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Blognostications

Week 3 - @ St. Louis Rams

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Blognosticator - honorary_hog

Welcome, ladies and gents. I'm HH, and I'm honored to be your humble Blognosticator for Week 3 of our beloved Washington Redskins' season, aka the "Silencing of the Rams."

Though we've just embarked on this 16-week NFL journey, it's already been quite a ride. We've run the gamut of emotions. We've felt the ecstasy of holding on to beat our most loathed rival. We've felt the agony of letting a good team up off the deck; and letting one slip away. We've bemoaned game-winning field goals that weren't; and we've rejoiced over game-winning touchdowns that weren't. We've seen an inept offense bailed out by its defense. We've seen a secondary-shredding offense let down by its defense. In just two weeks, we've already been run through the NFL's ringer. Are we ready to give in? Haynesworth chance, my friends.

After two weeks, it's virtually impossible to tell how good this Redskin team actually is. Through my burgundy and gold glasses, I see a team that finally has a franchise quarterback, receivers who get the job done, a defense that can make a big play when it needs to, and a fanbase that is more energized than it has been in a long, long time. When I lay those glasses on my desk, I see a team that still can't put together a full 60 minutes, a secondary that's got some glaring weaknesses, a completely non-existent running game, and a fanbase that silently wonders if we're in for another season of hope turned to torture.

Perhaps a little game of good news-bad news will make things just a little more clear. When someone tells me they have good news and bad news, I want the bad news first. I've learned over the years that the bad news often isn't as bad as I expected, and the good news softens the blow even more. And since I'm the one writing this blognostication, you're getting the bad news first too.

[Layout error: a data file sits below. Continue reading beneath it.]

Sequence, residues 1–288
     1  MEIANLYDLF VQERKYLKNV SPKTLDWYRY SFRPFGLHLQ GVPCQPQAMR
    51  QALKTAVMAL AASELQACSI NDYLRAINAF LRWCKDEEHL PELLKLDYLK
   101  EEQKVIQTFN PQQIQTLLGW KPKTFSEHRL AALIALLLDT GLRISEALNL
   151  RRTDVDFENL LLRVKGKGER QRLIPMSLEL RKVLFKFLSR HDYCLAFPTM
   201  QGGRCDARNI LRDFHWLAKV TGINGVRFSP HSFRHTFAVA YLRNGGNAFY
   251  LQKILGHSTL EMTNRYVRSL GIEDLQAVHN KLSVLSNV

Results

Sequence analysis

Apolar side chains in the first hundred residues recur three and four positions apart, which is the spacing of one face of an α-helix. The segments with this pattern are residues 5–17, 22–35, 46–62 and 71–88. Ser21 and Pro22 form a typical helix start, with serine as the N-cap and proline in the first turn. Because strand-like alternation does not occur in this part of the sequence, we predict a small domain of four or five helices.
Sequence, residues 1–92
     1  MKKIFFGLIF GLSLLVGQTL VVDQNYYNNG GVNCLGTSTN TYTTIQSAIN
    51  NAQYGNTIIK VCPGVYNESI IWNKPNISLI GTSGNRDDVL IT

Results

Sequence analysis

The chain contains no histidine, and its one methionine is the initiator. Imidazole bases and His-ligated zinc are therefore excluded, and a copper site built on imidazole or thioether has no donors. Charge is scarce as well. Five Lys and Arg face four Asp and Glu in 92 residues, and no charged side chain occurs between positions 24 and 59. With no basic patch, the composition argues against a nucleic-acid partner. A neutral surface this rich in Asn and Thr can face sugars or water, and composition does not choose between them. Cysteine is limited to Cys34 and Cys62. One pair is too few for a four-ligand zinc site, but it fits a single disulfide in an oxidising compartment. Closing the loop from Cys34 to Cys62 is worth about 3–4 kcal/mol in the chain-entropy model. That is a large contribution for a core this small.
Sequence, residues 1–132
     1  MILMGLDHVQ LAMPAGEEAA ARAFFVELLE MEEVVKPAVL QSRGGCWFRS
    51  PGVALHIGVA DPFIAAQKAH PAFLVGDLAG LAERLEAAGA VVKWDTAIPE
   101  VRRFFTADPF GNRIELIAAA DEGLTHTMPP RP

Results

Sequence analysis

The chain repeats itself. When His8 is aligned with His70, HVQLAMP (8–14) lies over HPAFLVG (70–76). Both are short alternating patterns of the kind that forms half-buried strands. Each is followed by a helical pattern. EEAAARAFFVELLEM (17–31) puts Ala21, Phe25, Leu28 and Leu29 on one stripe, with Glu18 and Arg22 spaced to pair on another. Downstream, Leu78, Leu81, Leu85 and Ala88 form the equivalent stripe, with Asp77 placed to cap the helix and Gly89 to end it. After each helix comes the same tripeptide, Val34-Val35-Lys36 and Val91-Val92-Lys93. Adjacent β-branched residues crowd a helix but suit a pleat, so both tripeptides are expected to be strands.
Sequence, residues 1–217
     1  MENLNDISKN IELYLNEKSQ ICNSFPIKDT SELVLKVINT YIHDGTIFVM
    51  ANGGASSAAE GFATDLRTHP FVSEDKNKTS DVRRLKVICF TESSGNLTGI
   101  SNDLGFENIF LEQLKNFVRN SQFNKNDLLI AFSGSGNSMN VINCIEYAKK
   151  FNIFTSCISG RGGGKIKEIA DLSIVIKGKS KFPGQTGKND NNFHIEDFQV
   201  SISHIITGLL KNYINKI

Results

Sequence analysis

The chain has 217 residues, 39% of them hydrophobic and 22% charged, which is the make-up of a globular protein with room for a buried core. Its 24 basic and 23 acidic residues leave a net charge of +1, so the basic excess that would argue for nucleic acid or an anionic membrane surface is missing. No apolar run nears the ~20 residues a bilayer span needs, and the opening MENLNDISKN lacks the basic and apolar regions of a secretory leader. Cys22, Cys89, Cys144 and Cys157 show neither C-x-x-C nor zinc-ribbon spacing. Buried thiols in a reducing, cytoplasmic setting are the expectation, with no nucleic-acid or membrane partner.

First and foremost, we have GOT to find a running game. I don't care if it's Clinton Portis, Keiland Williams, or Sultan McCullough toting the rock; you simply cannot be competitive in the NFC East without being able to grind away, and run some time off the clock. While the NFL has certainly become a pass-first league, offenses that can't run the football are about as effective as LJ reversing his field.

Portis is not the problem. He's in the best shape of his Redskin career, and still shows plenty of explosion when he gets a rare opportunity to do so.

The scheme is not the problem. Mike Shanahan has never had a problem running the ball with no-name backs, and average talent along the offensive line. When he was in Denver, I felt like Shanny could have used you and me in his backfield, dear reader, and we'd BOTH have put up thousand-yard seasons. I exaggerate, of course, but only slightly.

The problem is the offensive line. These guys had better be taking their performance to date personally. They had better realize that they are in a proven system, with a proven back, and it's danged sure time for them to prove themselves in the ground game.

Ready for more bad? No? Tough. Reed Doughty. Buddy. You don't have a bigger defender on earth than me. But I'd really appreciate it if you could make the defense's case just a little easier.

Doughty is playing out of position. He's a strong safety, and is well-suited for playing in Jim Haslett's system as, essentially, a fifth linebacker. He is not well-suited for having Andre Johnson turned over to him by a cornerback deep down the field. While he was in position to make plays on Sunday, he didn't make them. And I'm tired of saying, "He was in position, he just barely missed making the play." No, Reed. You start making the play, or I'm getting off of this one-man bandwagon.

OK, one more "bad" and then we'll get to the good stuff.

We need to get more pressure on opposing quarterbacks. And we need our secondary to take full advantage of the limited time to throw that follows. Our blitz has been very effective at times. Five sacks against a good team is a respectable number. But we need far more hits and hurries. We need to make sure that Carlos Rogers and DeAngelo Hall are only responsible for two- or three-Mississippi, not six.

Enough of that. Time for the "good."